How to Stop Extended Car Warranty Scam Calls

Sick And Tired Of Scam Calls? It’s Time to Put Them to an End

( – One of the most frequent consumer complaints related to unwanted calls received by the Federal Communication Commission is related to extended car warranties. These auto-related robocalls are frustrating, and usually fraudulent. While these calls are annoying, there are steps that can be taken to protect yourself from fraud and to stop receiving calls.

Is It a Scam?

These extended car warranty calls, typically pre-recorded robocalls, start out by telling the receiver they can opt-out by pressing a button. Unfortunately, pressing a button, or answering questions, alerts the robocall that they’ve reached a real number. This will just trigger more calls in the future.

These callers may have information about the vehicle you or your loved one drive, but it does not mean it is legitimate. Generally speaking, legitimate companies will never ask for your personal information over the phone, so anyone being asked for their social security number or financial information should be wary.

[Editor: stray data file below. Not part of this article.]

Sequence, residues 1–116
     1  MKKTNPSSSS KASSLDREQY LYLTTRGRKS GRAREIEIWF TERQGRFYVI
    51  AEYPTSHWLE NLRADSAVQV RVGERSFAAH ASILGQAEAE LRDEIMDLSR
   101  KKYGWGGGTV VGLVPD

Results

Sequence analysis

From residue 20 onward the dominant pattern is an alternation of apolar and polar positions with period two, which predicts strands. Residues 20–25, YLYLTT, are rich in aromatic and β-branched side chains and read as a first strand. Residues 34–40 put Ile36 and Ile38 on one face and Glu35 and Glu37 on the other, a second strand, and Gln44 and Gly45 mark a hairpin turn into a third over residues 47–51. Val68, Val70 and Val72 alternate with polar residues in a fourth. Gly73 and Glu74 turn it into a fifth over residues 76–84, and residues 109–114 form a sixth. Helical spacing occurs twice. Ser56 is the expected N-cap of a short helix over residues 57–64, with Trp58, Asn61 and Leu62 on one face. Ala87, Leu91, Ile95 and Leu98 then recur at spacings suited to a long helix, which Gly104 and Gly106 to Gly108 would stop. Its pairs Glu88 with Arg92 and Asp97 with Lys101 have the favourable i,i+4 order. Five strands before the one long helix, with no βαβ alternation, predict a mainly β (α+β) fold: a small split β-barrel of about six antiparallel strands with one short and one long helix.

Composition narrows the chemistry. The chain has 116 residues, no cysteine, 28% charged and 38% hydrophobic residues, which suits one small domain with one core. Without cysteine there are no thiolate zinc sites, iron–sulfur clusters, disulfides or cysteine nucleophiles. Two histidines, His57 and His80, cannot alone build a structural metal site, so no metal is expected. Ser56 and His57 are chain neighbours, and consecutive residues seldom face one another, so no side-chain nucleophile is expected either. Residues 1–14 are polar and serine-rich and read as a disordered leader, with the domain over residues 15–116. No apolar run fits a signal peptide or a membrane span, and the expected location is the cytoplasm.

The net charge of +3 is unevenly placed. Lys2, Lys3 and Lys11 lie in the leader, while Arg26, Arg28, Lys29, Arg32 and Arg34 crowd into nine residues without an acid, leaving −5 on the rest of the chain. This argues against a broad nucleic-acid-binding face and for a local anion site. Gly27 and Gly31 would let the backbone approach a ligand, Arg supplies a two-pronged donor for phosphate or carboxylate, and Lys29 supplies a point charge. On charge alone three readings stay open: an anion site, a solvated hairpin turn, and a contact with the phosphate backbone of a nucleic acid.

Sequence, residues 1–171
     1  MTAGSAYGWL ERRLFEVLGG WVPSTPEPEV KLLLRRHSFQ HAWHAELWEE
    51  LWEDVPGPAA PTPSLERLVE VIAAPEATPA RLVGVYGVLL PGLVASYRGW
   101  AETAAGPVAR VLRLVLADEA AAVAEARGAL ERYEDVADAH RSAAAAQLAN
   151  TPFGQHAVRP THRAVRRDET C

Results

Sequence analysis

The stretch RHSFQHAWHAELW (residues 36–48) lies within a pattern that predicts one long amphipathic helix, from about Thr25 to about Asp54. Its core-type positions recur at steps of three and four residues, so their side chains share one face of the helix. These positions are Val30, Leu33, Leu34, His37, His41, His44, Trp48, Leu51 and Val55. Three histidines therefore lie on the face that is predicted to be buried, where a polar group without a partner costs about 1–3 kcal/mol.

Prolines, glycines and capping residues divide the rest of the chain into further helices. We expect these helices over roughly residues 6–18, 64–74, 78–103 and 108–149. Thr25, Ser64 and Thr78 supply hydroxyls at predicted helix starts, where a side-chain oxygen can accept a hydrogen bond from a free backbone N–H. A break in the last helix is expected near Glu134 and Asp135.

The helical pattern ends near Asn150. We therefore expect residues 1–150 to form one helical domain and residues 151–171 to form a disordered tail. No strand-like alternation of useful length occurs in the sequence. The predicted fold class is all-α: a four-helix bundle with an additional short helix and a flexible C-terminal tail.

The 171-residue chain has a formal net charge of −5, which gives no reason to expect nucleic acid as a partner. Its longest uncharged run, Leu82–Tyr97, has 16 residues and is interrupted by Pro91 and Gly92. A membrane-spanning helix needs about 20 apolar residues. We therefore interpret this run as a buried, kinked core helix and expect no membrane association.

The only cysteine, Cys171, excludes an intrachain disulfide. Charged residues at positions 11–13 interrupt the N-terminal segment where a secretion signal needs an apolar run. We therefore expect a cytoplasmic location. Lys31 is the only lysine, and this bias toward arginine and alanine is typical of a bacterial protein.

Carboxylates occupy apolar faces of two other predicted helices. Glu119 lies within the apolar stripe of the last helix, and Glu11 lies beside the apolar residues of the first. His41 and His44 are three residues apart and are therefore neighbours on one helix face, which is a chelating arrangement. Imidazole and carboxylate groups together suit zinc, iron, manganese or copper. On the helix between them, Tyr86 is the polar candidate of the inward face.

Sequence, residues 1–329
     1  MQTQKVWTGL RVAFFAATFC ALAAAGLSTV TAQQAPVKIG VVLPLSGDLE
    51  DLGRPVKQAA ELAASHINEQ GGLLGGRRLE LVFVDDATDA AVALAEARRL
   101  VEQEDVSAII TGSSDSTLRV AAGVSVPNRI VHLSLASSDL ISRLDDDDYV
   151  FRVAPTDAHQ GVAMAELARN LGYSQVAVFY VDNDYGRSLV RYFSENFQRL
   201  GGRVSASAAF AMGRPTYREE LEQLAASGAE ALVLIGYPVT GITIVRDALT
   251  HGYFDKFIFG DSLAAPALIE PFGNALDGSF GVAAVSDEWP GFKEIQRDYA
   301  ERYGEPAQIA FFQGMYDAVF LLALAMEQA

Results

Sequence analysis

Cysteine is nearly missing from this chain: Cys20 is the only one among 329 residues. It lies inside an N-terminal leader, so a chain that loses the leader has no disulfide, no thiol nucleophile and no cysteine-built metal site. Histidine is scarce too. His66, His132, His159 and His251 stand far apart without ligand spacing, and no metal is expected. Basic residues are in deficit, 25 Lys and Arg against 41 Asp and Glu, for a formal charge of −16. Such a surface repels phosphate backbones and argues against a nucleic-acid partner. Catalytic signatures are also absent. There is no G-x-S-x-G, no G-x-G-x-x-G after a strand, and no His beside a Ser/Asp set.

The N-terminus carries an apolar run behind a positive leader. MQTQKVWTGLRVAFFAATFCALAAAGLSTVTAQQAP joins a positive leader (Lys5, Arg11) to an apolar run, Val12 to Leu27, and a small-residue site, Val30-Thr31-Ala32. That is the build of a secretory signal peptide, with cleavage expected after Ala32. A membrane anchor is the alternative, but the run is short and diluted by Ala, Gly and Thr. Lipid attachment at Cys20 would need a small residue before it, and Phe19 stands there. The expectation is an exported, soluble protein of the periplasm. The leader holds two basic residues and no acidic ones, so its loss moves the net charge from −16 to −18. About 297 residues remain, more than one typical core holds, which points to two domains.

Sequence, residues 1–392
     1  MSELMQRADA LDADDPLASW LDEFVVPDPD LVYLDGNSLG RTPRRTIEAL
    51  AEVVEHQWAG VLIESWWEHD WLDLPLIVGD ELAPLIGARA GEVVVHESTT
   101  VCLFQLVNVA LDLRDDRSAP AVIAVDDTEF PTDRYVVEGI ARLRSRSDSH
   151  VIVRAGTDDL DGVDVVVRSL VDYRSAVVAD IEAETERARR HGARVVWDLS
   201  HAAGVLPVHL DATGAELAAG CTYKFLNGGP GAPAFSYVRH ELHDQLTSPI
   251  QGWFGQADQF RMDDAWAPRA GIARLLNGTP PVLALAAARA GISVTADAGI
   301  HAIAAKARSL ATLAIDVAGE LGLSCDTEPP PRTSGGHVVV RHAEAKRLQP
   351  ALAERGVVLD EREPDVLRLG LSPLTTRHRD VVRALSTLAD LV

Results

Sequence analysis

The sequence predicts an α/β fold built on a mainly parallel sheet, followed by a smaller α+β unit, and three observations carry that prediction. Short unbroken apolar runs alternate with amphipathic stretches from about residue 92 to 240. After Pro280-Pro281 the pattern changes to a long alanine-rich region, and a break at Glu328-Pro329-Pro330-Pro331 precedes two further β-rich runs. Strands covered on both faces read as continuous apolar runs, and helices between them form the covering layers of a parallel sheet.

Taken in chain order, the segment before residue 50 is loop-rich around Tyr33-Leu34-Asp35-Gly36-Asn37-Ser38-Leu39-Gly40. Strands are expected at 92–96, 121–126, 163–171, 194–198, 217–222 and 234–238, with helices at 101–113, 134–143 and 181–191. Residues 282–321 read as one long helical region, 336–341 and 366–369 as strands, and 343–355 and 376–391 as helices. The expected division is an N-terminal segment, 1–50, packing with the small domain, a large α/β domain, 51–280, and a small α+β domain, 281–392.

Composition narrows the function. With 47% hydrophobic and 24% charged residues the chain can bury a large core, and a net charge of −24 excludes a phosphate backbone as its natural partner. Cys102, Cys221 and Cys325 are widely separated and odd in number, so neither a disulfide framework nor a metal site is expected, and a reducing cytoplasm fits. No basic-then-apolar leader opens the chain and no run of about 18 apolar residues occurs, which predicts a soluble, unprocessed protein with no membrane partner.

Steps to Protect Yourself From Scam Calls

There are several things that people can do to protect themselves and to stop receiving extended car warranty scam calls.

  • Protect Your Information – It is vitally important to protect personal information. When receiving these calls, the best thing to do is hang up. Do not press buttons, answer questions, or engage.
  • Silence/Block Calls – Android and iPhone both have features that allow users to silence and/or block unknown callers. There is a risk of missing other important calls, but it can be used if robocalls are excessive.
  • Do Not Call Registry – Adding a number to the National Do Not Call Registry should prevent it from being called by many telemarketers.
  • Nomorobo App – The Nomorobo app, recommended by various phone services, blocks unwanted robocalls and telemarketers that ignore the Do Not Call Registry.
  • File Complaints – Complaints regarding unwanted scam calls can be filed with the Federal Communications Commission or the Federal Trade Commission.

It may take a little time to stop receiving these calls altogether, but individuals who employ multiple methods should see a significant decrease in those annoying car warranty scam calls.

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